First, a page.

University of Wisconsin–Madison Medical College of Wisconsin

Differences in Methods of Self-Inflicted Injuries by Sex in Wisconsin, 2002-2014

Nivedita Nair, BS; Joseph Archer, BA; Alexa Statz, MPH; Ousmane Diallo, MD, MPH, PhD

WMJ. 2017;116(4):240-243.

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Background: Despite suicide prevention efforts, there remains a high burden of self-inflicted injuries in Wisconsin.

Objective: Compare methods of suicide and nonfatal self-inflicted injury by sex in Wisconsin over a 12-year period.

Methods: Suicide and nonfatal self-inflicted injury rates in Wisconsin between 2002 and 2014 were compared by sex and method using data from the Wisconsin Interactive Statistics on Health. Percentages of total suicides by method of injury for each sex were calculated.

Results: Firearms and poisoning were the most common methods of suicide and nonfatal self-inflicted injuries, respectively.  Rates of both suicide and nonfatal self-inflicted injuries differed significantly by sex and method.

Conclusions: Suicide prevention strategies in Wisconsin must account for the variability of method of self-inflicted injury between sexes.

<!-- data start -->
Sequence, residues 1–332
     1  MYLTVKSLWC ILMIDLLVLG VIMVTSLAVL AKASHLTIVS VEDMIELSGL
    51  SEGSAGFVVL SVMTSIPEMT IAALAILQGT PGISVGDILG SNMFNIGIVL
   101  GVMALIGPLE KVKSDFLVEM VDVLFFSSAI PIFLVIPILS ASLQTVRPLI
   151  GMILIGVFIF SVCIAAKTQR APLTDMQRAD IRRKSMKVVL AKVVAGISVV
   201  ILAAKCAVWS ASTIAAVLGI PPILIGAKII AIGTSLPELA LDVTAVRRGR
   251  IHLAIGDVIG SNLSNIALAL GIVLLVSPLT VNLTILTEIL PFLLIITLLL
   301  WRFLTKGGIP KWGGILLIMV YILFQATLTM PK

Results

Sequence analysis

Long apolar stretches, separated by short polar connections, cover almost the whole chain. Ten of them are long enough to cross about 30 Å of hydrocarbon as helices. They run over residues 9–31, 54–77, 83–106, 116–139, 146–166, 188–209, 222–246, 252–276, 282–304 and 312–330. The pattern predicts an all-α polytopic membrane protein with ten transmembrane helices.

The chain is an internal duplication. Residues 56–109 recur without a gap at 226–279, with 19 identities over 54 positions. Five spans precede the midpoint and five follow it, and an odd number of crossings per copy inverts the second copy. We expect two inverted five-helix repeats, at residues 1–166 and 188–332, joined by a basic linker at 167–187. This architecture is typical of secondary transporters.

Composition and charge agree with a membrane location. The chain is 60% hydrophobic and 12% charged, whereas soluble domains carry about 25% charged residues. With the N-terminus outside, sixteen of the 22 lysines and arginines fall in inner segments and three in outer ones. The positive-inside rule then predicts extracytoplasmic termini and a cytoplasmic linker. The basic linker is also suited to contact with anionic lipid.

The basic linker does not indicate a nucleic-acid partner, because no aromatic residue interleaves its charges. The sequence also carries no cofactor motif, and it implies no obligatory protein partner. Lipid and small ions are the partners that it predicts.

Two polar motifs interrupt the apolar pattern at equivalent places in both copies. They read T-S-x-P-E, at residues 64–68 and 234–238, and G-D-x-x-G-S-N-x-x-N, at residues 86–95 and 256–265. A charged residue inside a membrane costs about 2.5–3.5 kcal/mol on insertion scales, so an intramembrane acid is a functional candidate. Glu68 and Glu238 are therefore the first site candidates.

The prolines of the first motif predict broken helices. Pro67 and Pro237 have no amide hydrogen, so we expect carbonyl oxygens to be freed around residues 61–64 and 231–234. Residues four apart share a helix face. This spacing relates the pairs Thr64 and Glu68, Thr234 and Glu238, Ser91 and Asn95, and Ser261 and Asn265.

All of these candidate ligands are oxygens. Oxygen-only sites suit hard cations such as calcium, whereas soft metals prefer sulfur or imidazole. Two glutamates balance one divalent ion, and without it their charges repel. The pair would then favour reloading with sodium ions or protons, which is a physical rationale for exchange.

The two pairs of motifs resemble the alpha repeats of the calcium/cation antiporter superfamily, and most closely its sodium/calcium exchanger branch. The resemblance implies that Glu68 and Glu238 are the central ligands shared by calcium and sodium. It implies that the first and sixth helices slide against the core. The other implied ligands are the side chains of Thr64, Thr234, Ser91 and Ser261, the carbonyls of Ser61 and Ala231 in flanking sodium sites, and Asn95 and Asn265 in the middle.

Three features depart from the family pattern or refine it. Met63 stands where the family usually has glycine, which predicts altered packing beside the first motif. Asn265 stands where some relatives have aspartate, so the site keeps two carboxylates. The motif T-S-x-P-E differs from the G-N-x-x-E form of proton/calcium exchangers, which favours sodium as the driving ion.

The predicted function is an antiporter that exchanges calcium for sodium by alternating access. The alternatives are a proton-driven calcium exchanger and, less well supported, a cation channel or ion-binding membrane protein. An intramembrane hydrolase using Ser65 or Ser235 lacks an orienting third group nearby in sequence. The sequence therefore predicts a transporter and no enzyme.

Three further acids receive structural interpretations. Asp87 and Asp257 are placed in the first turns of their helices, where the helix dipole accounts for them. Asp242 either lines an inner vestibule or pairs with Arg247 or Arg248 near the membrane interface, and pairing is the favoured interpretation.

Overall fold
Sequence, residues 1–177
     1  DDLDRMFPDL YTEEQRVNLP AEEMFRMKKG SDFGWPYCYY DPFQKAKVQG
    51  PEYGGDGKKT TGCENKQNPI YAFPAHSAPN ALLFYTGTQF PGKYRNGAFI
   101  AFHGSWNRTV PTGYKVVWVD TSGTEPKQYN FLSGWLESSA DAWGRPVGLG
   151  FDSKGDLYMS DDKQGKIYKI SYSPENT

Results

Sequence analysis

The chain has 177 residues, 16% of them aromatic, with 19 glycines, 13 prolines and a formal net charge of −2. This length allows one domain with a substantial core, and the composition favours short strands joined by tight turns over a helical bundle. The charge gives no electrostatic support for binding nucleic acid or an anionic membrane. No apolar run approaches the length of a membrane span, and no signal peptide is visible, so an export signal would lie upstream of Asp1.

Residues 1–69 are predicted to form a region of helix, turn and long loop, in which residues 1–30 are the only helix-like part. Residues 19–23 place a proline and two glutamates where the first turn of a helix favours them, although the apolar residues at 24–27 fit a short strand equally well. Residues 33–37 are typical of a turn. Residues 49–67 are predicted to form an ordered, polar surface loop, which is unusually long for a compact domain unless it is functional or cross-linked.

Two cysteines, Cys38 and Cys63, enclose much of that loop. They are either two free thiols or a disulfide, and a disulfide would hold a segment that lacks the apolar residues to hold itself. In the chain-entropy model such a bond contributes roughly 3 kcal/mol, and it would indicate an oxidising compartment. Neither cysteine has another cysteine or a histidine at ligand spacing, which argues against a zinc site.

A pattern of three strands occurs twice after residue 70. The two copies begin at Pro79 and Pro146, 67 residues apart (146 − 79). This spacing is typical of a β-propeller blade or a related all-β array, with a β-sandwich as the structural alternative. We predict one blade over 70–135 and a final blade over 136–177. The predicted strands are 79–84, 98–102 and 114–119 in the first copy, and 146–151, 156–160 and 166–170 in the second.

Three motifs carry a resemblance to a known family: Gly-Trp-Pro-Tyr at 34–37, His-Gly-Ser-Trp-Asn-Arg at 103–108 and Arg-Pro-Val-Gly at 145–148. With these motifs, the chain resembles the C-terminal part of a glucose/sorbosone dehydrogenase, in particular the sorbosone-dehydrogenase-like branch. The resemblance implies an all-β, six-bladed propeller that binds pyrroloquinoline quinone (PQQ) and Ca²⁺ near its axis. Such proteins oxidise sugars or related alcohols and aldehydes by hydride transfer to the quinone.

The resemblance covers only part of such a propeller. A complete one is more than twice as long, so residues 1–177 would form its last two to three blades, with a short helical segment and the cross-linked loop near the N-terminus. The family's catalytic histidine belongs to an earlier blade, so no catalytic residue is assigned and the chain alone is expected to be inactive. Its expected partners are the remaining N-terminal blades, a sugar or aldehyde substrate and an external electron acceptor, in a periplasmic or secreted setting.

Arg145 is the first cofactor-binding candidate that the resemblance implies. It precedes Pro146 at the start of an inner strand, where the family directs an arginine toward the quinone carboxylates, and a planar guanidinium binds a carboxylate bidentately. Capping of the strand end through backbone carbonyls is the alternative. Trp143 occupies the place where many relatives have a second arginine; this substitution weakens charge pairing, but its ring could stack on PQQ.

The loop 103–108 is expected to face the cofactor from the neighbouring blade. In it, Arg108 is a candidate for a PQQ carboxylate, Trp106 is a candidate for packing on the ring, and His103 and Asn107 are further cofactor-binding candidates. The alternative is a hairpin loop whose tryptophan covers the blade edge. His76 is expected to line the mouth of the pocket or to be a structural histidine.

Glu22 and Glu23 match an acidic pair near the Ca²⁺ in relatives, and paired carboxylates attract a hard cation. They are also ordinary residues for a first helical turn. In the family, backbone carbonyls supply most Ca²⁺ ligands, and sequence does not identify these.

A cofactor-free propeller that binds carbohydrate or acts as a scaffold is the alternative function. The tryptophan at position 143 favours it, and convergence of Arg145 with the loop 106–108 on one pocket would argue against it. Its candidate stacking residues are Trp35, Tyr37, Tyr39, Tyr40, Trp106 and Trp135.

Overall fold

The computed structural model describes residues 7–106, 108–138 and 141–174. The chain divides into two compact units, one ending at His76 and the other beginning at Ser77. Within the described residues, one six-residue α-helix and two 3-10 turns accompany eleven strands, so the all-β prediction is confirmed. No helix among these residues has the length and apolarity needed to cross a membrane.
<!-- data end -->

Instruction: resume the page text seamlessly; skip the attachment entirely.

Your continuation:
Author Affiliations: University of Wisconsin School of Medicine and Public Health, Madison, Wis (Nair, Archer, Statz); Wisconsin Division of Public Health, Department of Health Services, Madison, Wis (Diallo).
Corresponding Author: Nivi Nair, Health Science Learning Center, Rm 4263 (Attn: Nivi Nair PHS 803), 750 Highland Ave, Madison, WI 53705; phone 608.692.6819, fax 608.265.3286, email
Acknowledgments: The authors thank Patrick Remington, MD, MPH, Maureen Durkin, PhD, DRPH, MPH, and Maria Mora Pinzon, MD, MS, for their feedback, technical guidance, and evaluation of the manuscript. Additionally, they would like to recognize the support of the University of Wisconsin School of Medicine and Public Health.
Funding/Support: None declared.
Financial Disclosures: None declared.
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